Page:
Unsupported browser

For a better experience please update your browser to its latest version.

Your browser appears to have cookies disabled. For the best experience of this website, please enable cookies in your browser

We'll assume we have your consent to use cookies, for example so you won't need to log in each time you visit our site.
Learn more

Architecture tomorrow - healthcare

  • 1 Comment

The healthcare sector is changing radically. Advances in medical science and technology, together with an ageing population, are having a dramatic effect on the building types required, says Jonathan Wilson

The healthcare sector is vast in its range of functions and building types. Many think of the sector as comprising essentially hospitals, health centres and surgeries, but the range is much wider and more nuanced. In fact the biggest changes are happening at a systemic and structural level, having a radical impact on investment decisions by providers. As a result, we will see new building types emerging, different emphases on the allocation of capital investment, and novel approaches to the building types we recognise as staples.

Advances in medical science and technology are perhaps the biggest driver for change. Over the last 20 years, advances in genetics, cell function and many other aspects of human biology, supported by progress in diagnostic imaging and interventional techniques, have profoundly influenced the nature of hospital-based care. Many conditions can now be treated out of hospital or within one day; the average length of stay in hospital has consequently reduced from weeks to days. It’s a staggering shift and it’s only just started. What does it mean?

There will be fewer general acute hospitals in the future and they will be smaller. We will continue to see major regional medical campuses with highly specialised centres of excellence in cancer, heart, trauma and so on, but the next tier down will shrink; replaced by local health centres that can deal with the majority of conditions. Within conventional hospitals there will be a continuing shift to daycare. There will be further large ambulatory care centres bringing together consultation, investigation, and treatment within highly efficient and pleasant environments. Think of them as the new healthcare shopping malls of the future.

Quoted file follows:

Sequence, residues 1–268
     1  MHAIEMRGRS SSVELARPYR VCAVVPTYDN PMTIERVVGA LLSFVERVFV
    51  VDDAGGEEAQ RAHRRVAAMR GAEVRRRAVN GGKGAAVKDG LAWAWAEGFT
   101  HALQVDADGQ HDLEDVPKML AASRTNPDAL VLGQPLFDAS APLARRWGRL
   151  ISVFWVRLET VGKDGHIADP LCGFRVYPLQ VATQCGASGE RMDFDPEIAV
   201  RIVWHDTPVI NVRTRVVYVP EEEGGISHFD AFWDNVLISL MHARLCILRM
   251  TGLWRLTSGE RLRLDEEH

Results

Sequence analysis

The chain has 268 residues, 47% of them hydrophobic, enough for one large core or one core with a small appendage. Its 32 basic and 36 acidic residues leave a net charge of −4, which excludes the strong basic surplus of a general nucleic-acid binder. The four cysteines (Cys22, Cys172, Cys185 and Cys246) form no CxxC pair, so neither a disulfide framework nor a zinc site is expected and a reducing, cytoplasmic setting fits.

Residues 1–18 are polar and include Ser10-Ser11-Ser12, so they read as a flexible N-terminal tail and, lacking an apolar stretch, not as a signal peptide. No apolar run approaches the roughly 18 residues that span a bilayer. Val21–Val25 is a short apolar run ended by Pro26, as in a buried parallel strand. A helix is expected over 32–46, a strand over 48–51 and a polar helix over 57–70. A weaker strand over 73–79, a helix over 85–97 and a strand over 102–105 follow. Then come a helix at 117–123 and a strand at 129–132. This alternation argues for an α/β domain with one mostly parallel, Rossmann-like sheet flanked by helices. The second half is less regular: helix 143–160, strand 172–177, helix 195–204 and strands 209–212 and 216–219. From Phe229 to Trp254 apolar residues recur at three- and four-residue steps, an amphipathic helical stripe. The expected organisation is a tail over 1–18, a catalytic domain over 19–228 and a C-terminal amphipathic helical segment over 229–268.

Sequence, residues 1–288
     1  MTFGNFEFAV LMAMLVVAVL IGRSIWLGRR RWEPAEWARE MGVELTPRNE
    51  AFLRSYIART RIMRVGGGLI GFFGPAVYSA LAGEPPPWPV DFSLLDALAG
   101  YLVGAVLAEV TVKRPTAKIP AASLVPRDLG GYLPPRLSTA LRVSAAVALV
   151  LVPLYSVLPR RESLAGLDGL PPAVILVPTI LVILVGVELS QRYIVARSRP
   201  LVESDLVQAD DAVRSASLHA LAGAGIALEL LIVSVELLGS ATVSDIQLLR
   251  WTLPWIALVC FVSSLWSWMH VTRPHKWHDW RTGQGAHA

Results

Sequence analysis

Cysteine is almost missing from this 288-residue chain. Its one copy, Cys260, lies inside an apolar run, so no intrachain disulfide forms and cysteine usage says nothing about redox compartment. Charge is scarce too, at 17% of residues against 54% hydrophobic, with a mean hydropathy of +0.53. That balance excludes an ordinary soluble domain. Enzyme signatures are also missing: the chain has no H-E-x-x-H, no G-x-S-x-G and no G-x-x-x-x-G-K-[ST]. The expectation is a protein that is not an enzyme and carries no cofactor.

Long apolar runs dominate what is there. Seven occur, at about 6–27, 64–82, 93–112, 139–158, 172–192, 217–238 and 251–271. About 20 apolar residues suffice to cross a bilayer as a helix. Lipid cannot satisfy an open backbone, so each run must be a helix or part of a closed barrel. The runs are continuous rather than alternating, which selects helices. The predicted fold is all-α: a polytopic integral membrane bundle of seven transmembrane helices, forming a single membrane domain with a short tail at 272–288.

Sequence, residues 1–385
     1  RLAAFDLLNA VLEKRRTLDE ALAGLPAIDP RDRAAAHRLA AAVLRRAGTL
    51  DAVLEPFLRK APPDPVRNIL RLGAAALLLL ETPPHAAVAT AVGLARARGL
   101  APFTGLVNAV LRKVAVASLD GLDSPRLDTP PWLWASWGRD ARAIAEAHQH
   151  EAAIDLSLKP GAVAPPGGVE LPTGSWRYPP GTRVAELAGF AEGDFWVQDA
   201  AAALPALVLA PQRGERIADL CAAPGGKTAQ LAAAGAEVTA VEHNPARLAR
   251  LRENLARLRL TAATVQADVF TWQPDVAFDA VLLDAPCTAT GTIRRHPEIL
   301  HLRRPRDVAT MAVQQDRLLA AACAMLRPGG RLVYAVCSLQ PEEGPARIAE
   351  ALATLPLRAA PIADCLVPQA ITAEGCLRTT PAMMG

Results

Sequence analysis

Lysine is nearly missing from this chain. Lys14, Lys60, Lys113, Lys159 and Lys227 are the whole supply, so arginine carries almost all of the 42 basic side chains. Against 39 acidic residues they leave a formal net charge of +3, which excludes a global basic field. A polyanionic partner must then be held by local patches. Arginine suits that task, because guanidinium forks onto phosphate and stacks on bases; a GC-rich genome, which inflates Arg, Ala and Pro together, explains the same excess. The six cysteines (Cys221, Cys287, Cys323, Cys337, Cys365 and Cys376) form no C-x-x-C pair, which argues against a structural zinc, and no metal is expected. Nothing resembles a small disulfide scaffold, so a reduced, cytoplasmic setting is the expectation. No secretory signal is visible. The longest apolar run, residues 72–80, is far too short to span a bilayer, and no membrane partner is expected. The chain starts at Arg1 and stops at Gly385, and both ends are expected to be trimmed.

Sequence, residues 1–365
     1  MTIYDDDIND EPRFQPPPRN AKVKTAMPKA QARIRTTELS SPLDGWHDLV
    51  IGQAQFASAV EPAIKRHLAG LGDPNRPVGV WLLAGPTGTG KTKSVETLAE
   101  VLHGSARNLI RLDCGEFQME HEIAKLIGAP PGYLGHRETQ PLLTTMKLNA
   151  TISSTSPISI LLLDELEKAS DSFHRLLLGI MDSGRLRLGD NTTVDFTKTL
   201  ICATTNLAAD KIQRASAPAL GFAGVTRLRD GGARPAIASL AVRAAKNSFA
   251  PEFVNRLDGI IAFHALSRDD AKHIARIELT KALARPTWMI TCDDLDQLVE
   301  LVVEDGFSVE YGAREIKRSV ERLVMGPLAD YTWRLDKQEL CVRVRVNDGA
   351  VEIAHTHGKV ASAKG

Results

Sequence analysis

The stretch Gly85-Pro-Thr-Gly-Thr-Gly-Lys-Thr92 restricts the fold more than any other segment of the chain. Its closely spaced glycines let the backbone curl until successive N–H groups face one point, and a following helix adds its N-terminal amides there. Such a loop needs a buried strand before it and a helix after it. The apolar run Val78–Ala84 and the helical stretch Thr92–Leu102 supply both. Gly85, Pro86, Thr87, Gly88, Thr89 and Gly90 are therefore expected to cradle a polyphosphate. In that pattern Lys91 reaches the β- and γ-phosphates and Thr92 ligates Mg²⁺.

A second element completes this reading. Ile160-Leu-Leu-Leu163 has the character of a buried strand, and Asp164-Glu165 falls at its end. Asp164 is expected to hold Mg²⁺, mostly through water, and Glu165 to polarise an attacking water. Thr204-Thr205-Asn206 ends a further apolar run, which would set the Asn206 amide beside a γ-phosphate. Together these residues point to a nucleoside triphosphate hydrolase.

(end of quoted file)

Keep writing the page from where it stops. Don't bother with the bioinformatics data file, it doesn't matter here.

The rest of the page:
Another axis of change is our changing demography. As we live longer, senior living is rapidly expanding worldwide – the UK is in fact somewhat lagging behind Scandinavia, the US and Australia. The concept is a specially adapted and configured living environment that supports older people in a full and normal life style. Imagine a sort of Center Parcs with discreetly provided facilities for mobility, nursing support and healthcare provision allowing ailing people and their relatives to live life to the fullest.

Also partly down to our ageing population, but also a result of advances in medical science, is a huge and multifaceted investment in cancer care. Major urban comprehensive cancer centres are being established at the same time as a national network of small local treatment centres offering radiotherapy and chemotherapy close to home.

A further cause of change is the health and wellness revolution. This is a paradigm shift from illness and disease focus (pathology) to life-affirming strategies, recognising the importance of healthy living and stress reduction to health.  This new mindset has profoundly influenced the design of recent healthcare buildings of all types. It is especially evident in the new generation of cancer treatment centres, such as Hopkins Architects’ Macmillan Cancer Centre at University College Hospital (pictured) and RSHP and Stantec’s Cancer Centre at Guy’s.  The Maggie’s Centre programme, a network of small homely centres to support people managing their lives with cancer, is perhaps the clearest expression of the wellness paradigm.  There is no conventional treatment within these centres, but the heart mind and soul are nourished, and this is now established as an essential ingredient of excellent care.

Jonathan Wilson is principal and UK healthcare sector leader at Stantec

Architecture Tomorrow

Submit your projects for Architecture Tomorrow here. The deadline for entries is 12 June.

  • 1 Comment

Readers' comments (1)

  • The closure of long stay hospital wards and the sustainability of people with complex health needs also has an impact on the design of living environments as home becomes the the hub of healthcare for these individuals and also a workplace for staff. Social housing often considers the need for improved access but fails to take into account sensory and behavioural needs of this population. The incidence of those with autistic spectrum disorder is growing at almost epidemic rates globally as is those with dementia. Future buildings need to support a 'new emerging' population and further conversations between architects,healthcare professionals, carers and service users essential.

    Unsuitable or offensive? Report this comment

Have your say

You must sign in to make a comment

Please remember that the submission of any material is governed by our Terms and Conditions and by submitting material you confirm your agreement to these Terms and Conditions.

Links may be included in your comments but HTML is not permitted.